Those early years of doing nature walks, journals, reading all the books, and scrambling to check all the Charlotte Mason boxes, all the mothering angst over the various day-to-day decisions over meals, bed times, fights, and friends, all of the second guessing myself over my faith, my writing, and my worth starts to take on a different light. Lewis goes on to say that we can feel very much like the school boy in our faith,
“…Those who have attained everlasting life in the vision of God doubtless know very well that it is no mere bribe, but the very consummation of their earthly discipleship; but we who have not yet attained it cannot know this in the same way, and cannot even begin to know it all except by continuing to obey and finding the first reward of our obedience in our increasing power to desire the ultimate reward. Just in proportion as the desire grows, our fear lest it should be a mercenary desire will die away and finally be recognised as an absurdity. But probably this will not, for most of us, happen in a day; poetry replaces grammar, gospel replaces law, longing transforms obedience, as gradually as the tide lifts a grounded ship. ”
p. 28, The Weight of Glory, emphasis mine
I gather all my paper bits and books and scramble indoors as the rain is now coming in earnest. “…by continuing to obey,” Lewis said. And that’s it. The crux of some of this transformational process. Little daily repetitions add up to something lasting. Faithfulness begets fruit. We eat healthy over and over again, we turn to the promises of God day in and day out, we smile, choosing joy, over and over again. We wash that same dish again and again. We sow seeds of dailiness in our faith journey, into our children, into our art, and into truly finding out who we are to Jesus, fitting into our skin in a real way. Can I truly now begin to live? Can my 40th turn around this blue-green ball we call home be a new beginning? Can I, like Charlotte Mason, see a LONG, lifetime view of child rearing and by faith and obedience, just keep sowing? Small gifts, small obedience, adds up in the end.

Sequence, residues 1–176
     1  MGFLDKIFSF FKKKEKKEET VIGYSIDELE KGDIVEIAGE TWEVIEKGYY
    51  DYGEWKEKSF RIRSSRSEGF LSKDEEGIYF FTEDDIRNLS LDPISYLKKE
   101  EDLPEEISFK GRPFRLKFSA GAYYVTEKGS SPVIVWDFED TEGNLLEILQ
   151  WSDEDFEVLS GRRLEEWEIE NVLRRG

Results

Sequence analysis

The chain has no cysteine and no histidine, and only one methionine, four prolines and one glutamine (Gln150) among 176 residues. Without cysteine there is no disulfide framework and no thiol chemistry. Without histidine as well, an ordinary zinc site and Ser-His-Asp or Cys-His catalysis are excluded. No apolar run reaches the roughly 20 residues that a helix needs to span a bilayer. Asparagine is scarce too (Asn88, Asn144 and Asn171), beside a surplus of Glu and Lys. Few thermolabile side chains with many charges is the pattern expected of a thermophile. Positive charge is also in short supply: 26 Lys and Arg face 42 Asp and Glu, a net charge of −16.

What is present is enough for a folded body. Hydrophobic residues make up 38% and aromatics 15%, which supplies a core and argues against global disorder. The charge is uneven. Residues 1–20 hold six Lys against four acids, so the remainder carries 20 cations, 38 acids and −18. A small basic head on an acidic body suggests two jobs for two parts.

“It is in the infinitely little we must study the infinitely great.”
~ Charlotte Mason, Home Education, p. 29
Can I accept that words matter to me and I must paper and ink them out one at a time? Yet as important and life changing these revelations are to me, a life time of growing and prayerfully, continuing to grow, Lewis goes on to allude that the are all symbols of our Truest and Deepest desire…
“If transtemporal, transfinite good is our real destiny, then any other good on which our desire fixes must be in some degree fallacious, must bear at best only a symbolical relation to what will truly satisfy.”
p. 29, The Weight of Glory
The desire for “our own far-off country”… is a “secret we cannot hide and cannot tell, though we desire to do both.” These past seventeen years of stumbling along through the Bible, the writings of Charlotte Mason, sleepless nights of nursing, the many gorgeous rain showers, the countless meals, stories, and memories, all are glimpses of beauty that are just small peeks at the glory to come. Lewis issues a good perspective and warning to me, if I find myself flying a bit away on the heights of inspiration.
“The books or music in which we thought the beauty was located will betray us if we trust to them; it was not in them, it only came through them, and what came through them was longing. These things – the beauty, the memory of our own past – are good images of what we really desire; but if they are mistaken for the real thing itself, they turn into dumb idols, breaking the hearts of their worshippers. For they are not the thing itself; they are only the scent of a flower we have not found, the echo of a tune we have not heard, news from a country we have never yet visited.” p.30, emphasis mine
Lewis, oh my, dear to my heart, talks about how fairy tales and for me, I believe, some fantasy helps keep the gift and knowledge that we aren’t made for this world alive. There is more to this life I’m living, a spiritual reality beyond.
“Our real goal is elsewhere.” p.31
I will continue in Part 3 ~